Copyright © Reed Business Information, a division of Reed Elsevier Inc. All rights reserved.
Through one family's unique circumstances, the always-eloquent Nunez invokes larger themes of race, class, and colonialism. In the late 1950s, mad scientist Peter Gardner flees England to escape charges that he experimented on his patients. He and his young daughter, Virginia, settle on an isolated leper colony off the coast of Trinidad. They soon take over the house of a mixed-race orphan, Carlos, who was left in the care of a dying housekeeper. Gardner imposes a strict regimen on the household; trumpets the superiority of the white race; alternately treats Carlos as a slave and as an experiment by educating him about music, literature, and science; and devotes extraordinary amounts of time to cultivating hybrid flowers. His daughter, Virginia, responds to Carlos'great kindness and patience, and their abiding friendship, carried out in secret, blossoms into a love affair that threatens Gardner's worldview and puts the couple in danger. Although the enthralling story line loses some power in the final section, Nunez has crafted a beautiful, layered novel that echoes both The Tempest and Heart of Darkness. Joanne Wilkinson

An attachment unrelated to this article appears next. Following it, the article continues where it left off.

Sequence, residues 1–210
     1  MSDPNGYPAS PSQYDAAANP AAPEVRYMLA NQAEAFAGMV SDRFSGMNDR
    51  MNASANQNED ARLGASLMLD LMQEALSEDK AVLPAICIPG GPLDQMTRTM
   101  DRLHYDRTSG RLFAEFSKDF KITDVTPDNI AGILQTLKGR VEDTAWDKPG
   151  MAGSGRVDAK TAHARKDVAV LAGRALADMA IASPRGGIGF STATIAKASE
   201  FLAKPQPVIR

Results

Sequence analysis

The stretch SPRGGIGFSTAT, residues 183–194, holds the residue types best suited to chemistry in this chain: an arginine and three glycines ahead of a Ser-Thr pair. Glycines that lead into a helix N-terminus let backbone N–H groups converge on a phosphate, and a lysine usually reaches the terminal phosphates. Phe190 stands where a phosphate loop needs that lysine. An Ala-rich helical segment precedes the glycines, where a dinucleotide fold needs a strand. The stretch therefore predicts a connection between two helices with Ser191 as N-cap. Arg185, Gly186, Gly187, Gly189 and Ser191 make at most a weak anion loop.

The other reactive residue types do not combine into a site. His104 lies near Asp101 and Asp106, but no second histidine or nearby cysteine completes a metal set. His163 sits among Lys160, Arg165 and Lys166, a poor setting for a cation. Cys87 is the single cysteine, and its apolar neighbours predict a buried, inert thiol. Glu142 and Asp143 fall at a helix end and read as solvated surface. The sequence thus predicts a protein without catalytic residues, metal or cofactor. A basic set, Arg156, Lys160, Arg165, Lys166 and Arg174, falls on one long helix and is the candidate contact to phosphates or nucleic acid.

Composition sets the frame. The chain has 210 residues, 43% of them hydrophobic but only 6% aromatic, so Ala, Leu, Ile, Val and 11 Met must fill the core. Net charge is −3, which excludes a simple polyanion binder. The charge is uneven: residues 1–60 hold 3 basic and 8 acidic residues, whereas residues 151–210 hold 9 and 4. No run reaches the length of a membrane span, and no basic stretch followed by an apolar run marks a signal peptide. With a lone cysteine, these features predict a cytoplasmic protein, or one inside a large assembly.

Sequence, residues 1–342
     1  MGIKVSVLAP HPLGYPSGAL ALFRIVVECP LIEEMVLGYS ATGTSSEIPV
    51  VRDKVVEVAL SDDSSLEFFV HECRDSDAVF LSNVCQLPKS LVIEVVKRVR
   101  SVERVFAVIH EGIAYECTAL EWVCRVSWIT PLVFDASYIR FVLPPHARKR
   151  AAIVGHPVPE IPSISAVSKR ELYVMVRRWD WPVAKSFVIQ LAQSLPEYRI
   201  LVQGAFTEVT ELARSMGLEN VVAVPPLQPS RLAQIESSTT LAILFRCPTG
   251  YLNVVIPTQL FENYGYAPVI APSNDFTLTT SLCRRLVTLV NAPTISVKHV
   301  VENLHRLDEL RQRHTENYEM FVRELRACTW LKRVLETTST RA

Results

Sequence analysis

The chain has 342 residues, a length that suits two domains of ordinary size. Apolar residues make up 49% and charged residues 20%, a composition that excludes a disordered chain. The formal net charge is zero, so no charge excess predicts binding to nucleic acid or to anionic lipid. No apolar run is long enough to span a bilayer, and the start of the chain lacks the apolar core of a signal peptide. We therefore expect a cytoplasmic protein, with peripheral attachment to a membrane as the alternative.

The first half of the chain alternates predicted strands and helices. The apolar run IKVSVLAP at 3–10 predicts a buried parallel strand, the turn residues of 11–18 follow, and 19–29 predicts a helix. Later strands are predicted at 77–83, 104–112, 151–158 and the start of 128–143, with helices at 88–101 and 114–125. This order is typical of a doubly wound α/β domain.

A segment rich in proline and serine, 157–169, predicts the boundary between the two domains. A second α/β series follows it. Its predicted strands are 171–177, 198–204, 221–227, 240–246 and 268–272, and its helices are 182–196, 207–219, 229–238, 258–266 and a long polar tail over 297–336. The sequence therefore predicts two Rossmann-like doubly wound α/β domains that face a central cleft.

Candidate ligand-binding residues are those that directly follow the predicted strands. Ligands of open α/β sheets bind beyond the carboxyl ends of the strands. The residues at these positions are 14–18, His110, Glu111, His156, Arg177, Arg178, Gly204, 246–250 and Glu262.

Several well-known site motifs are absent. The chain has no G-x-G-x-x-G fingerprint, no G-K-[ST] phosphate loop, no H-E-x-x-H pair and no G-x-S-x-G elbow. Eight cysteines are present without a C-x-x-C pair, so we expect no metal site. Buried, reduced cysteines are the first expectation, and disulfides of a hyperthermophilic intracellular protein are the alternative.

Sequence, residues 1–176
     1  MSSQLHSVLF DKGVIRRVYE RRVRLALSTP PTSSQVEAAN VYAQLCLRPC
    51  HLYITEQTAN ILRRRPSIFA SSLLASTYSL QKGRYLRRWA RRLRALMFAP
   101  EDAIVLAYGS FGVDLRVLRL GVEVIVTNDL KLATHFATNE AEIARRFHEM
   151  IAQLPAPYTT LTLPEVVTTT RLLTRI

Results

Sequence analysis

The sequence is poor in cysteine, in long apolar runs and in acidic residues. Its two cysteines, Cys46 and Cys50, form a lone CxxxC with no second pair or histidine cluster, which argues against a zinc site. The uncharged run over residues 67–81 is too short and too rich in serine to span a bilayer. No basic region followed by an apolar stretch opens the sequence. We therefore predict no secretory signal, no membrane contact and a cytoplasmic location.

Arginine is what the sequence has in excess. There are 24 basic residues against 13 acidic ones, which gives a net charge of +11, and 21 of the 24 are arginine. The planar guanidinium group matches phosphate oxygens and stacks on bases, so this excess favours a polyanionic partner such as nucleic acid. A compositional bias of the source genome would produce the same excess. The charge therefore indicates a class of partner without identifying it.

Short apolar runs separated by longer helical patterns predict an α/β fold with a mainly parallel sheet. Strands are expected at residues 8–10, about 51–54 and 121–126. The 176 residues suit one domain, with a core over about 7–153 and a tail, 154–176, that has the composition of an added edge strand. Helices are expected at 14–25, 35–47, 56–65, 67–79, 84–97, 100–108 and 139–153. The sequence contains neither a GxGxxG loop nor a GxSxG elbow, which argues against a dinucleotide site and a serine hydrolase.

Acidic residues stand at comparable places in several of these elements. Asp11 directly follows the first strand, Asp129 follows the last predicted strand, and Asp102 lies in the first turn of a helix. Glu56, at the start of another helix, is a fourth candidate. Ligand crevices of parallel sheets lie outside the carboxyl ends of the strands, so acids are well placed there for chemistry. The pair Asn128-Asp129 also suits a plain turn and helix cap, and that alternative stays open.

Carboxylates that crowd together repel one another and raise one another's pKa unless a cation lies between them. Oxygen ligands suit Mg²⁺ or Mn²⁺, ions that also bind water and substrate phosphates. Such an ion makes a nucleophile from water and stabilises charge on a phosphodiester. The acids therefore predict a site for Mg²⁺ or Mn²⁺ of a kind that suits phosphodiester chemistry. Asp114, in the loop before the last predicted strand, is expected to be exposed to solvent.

Copyright © American Library Association. All rights reserved
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I don't usually leave reviews of books on Amazon, but I want to warn anyone reading this book that the content involves a white, incestuous father who sexually preys upon his daughter and regularly abuses and rapes the black woman he enslaves after colonizing the island. Between the main character and the police office who is heavily involved in the plot, this book is rife with racist remarks and language.